After the 2013 season, Dante Scarnecchia retired from coaching, only to return to the New England Patriots’ sideline two years later.

On Tuesday, two weeks shy of his 72nd birthday, the Patriots’ longtime offensive line coach called it a career again, confirming to multiple media outlets he intends to retire this offseason.

Here are four takeaways from Scarnecchia’s decision and the effect it will have on the 2020 Patriots:

1. The Patriots have another hole to fill on their coaching staff
New England now has lost eight assistant coaches since the end of the 2018 season. That includes three departures so far this offseason: wide receivers coach/special teams coordinator Joe Judge, defensive line coach Bret Bielema and Scarnecchia, who spent 34 seasons as a Patriots assistant.

WEEI’s Christian Fauria, who was the first to report Scarnecchia’s retirement, said the team is expected to promote from within to replace him. The top two candidates for that role are coaching assistant Carmen Bricillo and assistant running backs coach Cole Popovich.

Bricillo spent nine seasons as the O-line coach at Youngstown State before joining the Patriots last offseason. Popovich focused on running backs in 2019 but had worked closely with Scarnecchia in previous seasons as a New England coaching assistant.

2. Scarnecchia’s decision comes at an inopportune time
Even without a coaching change, the Patriots’ O-line would have faced questions heading into the 2020 season.

Standout left guard Joe Thuney is set to hit free agency next month and likely will receive more lucrative offers from other teams after earning second-team All-Pro honors this season. Center/guard Ted Karras also will be a free agent and could fetch starter’s money elsewhere after serving as a solid fill-in for David Andrews.

Speaking of Andrews, who missed the entire season with blood clots in his lungs, the veteran center is “optimistic” about his chances of playing in 2020 but couldn’t say with certainty that he’ll be healthy enough to return to the field. Right tackle Marcus Cannon also struggled this season at age 31, and Isaiah Wynn, despite showing flashes down the stretch, remains an unfinished product at left tackle.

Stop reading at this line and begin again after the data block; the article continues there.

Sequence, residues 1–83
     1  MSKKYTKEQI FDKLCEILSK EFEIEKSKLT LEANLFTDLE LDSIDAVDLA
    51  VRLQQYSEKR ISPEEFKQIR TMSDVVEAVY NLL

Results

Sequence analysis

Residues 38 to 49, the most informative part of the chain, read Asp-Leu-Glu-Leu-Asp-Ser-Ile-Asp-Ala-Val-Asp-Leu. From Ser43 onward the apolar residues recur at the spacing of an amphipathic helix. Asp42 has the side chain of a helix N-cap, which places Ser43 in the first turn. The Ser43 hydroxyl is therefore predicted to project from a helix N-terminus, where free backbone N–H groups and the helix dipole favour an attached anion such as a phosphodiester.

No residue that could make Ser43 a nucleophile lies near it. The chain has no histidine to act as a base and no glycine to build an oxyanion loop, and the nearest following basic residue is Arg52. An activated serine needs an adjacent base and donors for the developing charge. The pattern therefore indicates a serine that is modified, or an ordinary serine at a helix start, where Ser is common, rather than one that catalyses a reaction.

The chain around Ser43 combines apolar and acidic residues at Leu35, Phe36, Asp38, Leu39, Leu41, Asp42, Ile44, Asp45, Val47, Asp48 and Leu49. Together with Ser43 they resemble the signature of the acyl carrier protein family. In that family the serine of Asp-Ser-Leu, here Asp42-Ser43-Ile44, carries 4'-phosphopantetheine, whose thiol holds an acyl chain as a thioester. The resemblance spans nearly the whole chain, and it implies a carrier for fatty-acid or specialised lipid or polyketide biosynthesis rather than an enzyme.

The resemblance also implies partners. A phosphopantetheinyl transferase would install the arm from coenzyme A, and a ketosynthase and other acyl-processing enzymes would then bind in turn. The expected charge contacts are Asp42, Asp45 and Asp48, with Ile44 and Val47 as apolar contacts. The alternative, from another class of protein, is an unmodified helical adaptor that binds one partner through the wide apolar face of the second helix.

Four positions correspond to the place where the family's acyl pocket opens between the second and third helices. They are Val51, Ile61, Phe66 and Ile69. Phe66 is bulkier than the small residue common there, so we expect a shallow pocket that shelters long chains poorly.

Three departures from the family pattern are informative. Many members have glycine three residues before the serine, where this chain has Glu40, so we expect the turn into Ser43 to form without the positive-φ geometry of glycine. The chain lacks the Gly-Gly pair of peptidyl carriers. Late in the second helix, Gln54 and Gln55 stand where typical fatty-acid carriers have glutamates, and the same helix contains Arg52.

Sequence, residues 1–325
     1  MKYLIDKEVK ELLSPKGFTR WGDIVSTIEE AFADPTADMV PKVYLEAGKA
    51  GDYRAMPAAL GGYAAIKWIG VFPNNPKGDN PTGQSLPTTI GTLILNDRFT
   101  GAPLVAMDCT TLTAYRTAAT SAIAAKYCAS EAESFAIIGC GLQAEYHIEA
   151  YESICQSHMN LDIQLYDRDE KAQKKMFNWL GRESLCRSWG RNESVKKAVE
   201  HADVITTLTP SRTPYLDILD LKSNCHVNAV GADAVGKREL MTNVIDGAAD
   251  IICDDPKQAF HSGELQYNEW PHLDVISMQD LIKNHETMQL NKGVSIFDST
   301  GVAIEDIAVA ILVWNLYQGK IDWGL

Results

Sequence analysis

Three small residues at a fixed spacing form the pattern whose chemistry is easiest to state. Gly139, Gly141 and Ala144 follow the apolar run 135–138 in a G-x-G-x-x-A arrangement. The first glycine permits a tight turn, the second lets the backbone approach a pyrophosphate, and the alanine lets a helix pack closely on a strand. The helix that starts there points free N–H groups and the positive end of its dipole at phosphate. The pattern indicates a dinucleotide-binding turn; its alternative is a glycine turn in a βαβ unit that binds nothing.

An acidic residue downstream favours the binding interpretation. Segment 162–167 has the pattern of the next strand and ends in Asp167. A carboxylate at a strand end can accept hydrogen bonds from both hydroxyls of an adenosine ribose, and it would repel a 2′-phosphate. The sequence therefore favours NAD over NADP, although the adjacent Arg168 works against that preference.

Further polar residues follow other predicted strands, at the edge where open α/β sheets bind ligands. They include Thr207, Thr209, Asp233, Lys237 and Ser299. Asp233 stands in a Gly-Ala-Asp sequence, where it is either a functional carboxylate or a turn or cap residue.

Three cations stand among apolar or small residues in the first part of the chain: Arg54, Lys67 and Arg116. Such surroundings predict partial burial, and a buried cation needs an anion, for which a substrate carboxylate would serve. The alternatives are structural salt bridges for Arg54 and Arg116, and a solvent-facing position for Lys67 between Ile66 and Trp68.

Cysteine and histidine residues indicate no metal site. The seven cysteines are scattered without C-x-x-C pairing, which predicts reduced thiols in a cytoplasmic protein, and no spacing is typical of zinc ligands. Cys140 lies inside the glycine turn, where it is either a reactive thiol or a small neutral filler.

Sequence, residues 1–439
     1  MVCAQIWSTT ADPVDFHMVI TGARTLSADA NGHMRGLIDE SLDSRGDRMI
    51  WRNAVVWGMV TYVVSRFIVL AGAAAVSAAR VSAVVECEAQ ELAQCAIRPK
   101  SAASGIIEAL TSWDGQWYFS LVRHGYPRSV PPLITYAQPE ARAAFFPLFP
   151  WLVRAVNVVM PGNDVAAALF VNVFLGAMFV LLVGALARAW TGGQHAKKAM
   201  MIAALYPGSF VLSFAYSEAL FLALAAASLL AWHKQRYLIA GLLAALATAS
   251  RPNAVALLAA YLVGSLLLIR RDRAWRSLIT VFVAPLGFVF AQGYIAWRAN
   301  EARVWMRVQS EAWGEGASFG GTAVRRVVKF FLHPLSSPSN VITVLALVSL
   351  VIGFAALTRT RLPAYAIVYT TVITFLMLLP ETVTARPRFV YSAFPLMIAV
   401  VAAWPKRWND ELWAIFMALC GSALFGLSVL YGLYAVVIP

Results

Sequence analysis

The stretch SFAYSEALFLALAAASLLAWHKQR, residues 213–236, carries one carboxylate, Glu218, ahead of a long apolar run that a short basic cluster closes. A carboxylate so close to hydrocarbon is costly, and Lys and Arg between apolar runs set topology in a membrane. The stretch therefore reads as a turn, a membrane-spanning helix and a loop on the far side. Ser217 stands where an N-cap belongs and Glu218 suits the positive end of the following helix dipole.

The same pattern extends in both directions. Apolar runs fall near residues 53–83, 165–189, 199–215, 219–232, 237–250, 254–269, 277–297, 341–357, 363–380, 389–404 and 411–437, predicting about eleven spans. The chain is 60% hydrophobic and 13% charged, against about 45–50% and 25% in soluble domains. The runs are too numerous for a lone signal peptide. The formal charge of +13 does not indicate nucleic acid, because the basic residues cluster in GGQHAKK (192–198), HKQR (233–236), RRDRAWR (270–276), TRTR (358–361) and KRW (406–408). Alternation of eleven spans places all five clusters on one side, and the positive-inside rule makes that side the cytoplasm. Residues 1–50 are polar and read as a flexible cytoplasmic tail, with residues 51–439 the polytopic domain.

3. This change could be detrimental for New England’s 2019 draft picks
Tackle Yodny Cajuste (third round) and guard/center Hjalte Froholdt (fourth round) both redshirted as rookies. Froholdt suffered a season-ending injury during the preseason that landed him on injured reserve. Cajuste has yet to even practice with the Patriots after undergoing pre-draft surgery to repair a torn quad.

Both of these players — plus any others the Patriots might draft this spring — would have benefited from another season under Scarnecchia, who was lauded for his ability to develop young O-linemen. (You can include Wynn in this group, as well.)

Andrews, Thuney, Mason and Cannon all became multi-year starters despite being drafted outside the top two rounds (and, in Andrews’ case, not being drafted at all). Scarnecchia also was instrumental in elevating Trent Brown’s game during the gargantuan tackle’s lone season in New England.

“Honestly, everybody in the facility loves Coach Scar,” Brown said during the 2018 playoffs. “That’s definitely my favorite coach on the staff — my favorite coach that I’ve had since junior college. I definitely appreciate him more than anything. I appreciate our friendship and everything.”

4. The Patriots are losing one of the best
There’s no debating that. Scarnecchia is one of the NFL’s elite position coaches and a foundational pillar of the Patriots organization.

“I think the world of Dante,” head coach Bill Belichick said in 2016 after Scarnecchia returned from his first retirement. “I think he is as fine of a coach as anybody that I’ve coached with and I’ve had the opportunity to coach with a lot of them, certainly.”

“I’ve learned more from Dante than I can possibly describe,” offensive coordinator Josh McDaniels said last season. “He’s just a great teacher, great person — great, great football coach.”

The Patriots will miss him dearly.

Thumbnail photo via Bob DeChiara/USA TODAY Sports Images